Myanmar's "democratic" elections: Voters in Myanmar voted overwhelmingly on Sunday in support of the National League for Democracy party led by Aung San Suu Kyi, ensuring that it will remain the dominant force in parliament. It was only the second time that voters headed to the polls in a country that's been experimenting with democracy after more than 50 years of military rule. While voter turnout was high, critics say that some 1.5 million people were prevented from voting as part of a deliberate tactic by the joint civilian-military government to disenfranchise voters from ethnic minority states (the election was even cancelled in some of them). The country's ever-powerful military has long been accused of persecuting minority groups (this was reflected in its ethnic cleansing campaign in Rakhine State against Muslim Rohingyas, which were also not allowed to vote). Suu Kyi, for her part, has been accused of turning a blind eye to the genocide despite her credentials as a human rights "warrior." Indeed, the National League for Democracy has its work cut out for it as COVID-19 continues to rip through a country with one of the world's weakest healthcare systems.
US presidential race is (still) on: Three days later, the US presidential contest remains undecided. We're keeping an eye on four battleground states — Arizona, Georgia, Nevada, and Pennsylvania — that'll decide who gets the 270 electoral college votes needed to become the next occupant of the White House. Still-emerging results from these states and the math make Biden the favorite to win because despite razor-thin margins, the vast majority of outstanding ballots are mail-in votes in blue urban areas. Meanwhile, the Trump campaign is crying foul about the entire process, demanding that the count stop where he is ahead... yet continue in Arizona, where the president is trailing Biden. Team Trump has already filed lawsuits in all these states as well as in Michigan and Wisconsin — which have already been called for his rival — but most experts agree that the legal basis for electoral fraud is flimsy, and that Trump will ultimately fail in his crusade for the Supreme Court to rule on disputed state results. Will it all finally end on Friday?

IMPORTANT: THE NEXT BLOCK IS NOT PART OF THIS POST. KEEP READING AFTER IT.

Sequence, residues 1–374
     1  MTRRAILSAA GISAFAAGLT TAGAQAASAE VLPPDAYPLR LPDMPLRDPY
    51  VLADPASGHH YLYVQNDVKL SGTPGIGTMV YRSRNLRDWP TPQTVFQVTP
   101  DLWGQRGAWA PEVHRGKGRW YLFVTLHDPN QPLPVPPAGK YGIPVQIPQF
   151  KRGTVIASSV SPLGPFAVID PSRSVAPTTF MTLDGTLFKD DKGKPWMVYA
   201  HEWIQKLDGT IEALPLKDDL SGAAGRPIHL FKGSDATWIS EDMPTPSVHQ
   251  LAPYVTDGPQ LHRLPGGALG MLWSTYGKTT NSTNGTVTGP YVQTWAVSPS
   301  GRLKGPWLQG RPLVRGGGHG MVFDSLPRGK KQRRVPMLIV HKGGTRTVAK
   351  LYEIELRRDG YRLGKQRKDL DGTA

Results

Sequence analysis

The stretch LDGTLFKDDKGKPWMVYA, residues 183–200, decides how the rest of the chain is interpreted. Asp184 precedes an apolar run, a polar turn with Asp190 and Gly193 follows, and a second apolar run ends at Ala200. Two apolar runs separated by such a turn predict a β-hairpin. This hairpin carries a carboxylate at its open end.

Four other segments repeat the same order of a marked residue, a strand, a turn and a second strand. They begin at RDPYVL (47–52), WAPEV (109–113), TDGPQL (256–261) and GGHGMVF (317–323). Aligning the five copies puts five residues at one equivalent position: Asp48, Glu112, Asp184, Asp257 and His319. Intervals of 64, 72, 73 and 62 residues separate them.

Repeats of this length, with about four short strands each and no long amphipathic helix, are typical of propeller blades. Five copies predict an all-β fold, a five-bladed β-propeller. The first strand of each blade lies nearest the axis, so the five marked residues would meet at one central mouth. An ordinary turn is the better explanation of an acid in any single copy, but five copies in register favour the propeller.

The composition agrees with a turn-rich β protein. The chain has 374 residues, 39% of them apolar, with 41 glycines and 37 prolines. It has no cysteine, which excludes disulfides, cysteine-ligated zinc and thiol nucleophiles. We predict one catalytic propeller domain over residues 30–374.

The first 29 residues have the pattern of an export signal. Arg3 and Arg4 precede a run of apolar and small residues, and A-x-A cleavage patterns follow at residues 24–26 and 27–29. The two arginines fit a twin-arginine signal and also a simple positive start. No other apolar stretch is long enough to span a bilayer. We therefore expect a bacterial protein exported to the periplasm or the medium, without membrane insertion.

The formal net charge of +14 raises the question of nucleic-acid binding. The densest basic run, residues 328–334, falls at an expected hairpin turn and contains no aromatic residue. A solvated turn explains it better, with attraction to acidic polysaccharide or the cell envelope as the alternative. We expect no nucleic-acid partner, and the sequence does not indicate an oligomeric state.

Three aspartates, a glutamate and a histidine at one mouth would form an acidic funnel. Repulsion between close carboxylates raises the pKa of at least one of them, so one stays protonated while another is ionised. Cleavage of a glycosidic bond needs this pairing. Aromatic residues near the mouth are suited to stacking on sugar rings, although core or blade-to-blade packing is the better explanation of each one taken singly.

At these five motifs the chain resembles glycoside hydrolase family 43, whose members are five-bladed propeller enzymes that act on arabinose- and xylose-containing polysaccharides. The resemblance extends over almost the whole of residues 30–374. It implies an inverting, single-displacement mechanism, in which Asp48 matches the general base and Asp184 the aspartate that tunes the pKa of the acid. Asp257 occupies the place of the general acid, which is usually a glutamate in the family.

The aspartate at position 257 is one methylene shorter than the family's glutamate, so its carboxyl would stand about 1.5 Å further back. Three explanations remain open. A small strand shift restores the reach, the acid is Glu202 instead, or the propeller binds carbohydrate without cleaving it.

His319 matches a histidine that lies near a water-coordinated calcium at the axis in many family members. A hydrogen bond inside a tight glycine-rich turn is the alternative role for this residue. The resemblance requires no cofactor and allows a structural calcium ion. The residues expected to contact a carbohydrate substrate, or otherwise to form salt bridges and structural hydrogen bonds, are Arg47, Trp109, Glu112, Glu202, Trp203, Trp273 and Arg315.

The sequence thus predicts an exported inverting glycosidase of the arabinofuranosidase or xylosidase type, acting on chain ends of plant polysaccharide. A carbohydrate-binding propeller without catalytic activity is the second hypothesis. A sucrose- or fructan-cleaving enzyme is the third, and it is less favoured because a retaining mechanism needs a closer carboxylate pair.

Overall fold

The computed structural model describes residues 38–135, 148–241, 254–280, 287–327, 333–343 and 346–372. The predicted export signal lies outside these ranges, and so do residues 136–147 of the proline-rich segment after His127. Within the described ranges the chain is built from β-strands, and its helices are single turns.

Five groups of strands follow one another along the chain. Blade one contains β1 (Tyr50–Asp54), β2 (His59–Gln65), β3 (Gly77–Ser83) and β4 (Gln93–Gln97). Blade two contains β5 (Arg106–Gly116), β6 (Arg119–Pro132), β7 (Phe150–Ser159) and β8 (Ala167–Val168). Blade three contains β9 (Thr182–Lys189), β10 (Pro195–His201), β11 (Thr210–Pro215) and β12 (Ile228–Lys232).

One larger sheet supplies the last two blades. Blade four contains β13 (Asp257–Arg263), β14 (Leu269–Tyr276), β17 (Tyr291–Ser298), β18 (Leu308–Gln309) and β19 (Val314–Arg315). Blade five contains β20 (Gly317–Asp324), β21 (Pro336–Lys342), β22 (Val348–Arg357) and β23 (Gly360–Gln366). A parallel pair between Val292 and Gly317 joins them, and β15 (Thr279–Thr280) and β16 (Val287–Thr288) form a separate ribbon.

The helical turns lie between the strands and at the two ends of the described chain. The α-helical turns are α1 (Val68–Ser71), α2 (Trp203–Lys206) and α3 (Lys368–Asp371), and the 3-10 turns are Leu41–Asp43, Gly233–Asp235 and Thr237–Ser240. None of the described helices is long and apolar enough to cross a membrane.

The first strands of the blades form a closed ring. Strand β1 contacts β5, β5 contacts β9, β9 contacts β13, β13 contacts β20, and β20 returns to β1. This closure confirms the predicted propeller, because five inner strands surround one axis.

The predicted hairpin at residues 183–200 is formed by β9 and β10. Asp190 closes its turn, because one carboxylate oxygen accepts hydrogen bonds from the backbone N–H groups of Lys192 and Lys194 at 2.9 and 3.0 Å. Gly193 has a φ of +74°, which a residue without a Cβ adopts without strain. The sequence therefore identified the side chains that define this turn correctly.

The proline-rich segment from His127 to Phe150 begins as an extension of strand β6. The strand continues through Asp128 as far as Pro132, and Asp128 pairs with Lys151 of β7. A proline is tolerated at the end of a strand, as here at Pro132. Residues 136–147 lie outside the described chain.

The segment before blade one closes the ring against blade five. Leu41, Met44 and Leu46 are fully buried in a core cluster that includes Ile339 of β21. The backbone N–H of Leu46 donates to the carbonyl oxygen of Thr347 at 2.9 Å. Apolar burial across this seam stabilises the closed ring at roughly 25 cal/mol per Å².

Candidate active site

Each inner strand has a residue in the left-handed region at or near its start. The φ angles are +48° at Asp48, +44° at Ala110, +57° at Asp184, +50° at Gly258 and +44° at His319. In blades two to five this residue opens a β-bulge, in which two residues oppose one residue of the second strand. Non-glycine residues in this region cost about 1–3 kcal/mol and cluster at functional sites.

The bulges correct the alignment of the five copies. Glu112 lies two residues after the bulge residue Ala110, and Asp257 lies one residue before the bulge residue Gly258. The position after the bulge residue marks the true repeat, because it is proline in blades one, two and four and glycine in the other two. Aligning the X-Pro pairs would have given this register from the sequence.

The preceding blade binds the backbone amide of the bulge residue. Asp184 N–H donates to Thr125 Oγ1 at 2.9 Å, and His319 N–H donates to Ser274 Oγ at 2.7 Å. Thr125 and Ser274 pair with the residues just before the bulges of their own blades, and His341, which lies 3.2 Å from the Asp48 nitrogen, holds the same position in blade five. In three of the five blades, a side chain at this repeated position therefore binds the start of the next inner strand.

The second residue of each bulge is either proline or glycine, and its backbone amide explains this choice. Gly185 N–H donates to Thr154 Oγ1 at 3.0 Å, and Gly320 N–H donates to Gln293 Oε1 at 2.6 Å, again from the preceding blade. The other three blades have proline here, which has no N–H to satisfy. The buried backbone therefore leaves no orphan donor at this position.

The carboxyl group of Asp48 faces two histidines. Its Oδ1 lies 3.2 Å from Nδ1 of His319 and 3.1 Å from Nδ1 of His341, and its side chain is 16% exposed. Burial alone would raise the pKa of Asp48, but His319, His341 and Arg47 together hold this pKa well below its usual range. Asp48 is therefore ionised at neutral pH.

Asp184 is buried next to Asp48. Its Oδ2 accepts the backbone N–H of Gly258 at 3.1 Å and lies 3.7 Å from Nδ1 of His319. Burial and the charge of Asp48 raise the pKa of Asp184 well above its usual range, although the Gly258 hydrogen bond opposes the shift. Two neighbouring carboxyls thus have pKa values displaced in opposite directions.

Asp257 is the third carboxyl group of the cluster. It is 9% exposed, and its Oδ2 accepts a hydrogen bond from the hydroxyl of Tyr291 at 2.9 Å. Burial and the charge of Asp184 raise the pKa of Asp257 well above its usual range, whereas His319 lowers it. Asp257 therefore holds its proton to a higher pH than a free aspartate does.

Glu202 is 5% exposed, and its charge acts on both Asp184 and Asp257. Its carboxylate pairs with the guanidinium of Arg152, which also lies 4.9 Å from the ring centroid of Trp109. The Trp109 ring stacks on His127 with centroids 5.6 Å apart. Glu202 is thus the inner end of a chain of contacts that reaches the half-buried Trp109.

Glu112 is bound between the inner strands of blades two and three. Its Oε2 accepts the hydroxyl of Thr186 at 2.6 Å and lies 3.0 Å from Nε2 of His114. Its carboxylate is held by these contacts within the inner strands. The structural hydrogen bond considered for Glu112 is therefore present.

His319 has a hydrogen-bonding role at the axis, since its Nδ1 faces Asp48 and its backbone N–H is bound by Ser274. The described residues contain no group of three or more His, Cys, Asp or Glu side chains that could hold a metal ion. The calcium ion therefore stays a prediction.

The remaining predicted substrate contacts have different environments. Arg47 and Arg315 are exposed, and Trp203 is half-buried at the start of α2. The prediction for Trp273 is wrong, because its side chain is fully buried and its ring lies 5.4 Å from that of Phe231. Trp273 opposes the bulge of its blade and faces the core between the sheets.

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What We're Watching: Hong Kong's end, the Belgian King's "apology," a small swatch of justice for the Rohingya
Hong Kong's end? Last month we mulled the question: is Hong Kong as we know it over? As of yesterday, the answer is: yes. China has now implemented a new national security law for the city, which criminalizes secession and collusion with foreign forces. The law in effect ends the autonomy granted (by international agreement) to Hong Kong when it reverted from British control to Chinese rule in 1997. Critics fear it will be used to stamp out the remnants of the pro-democracy protests that erupted last year in response to a separate attempt by Beijing to expand its writ over the city. We're watching to see what the city's fearless but increasingly encircled protesters do now. And we're also eyeing the reaction from abroad. Washington has begun rescinding Hong Kong's special trade and investment privileges, and will now treat the city the way it treats the rest of China. The move is meant to punish Beijing, but unlike twenty years ago when Hong Kong accounted for a fifth of China's economy, today it's less than four percent. Those who suffer most may be Hong Kongers themselves.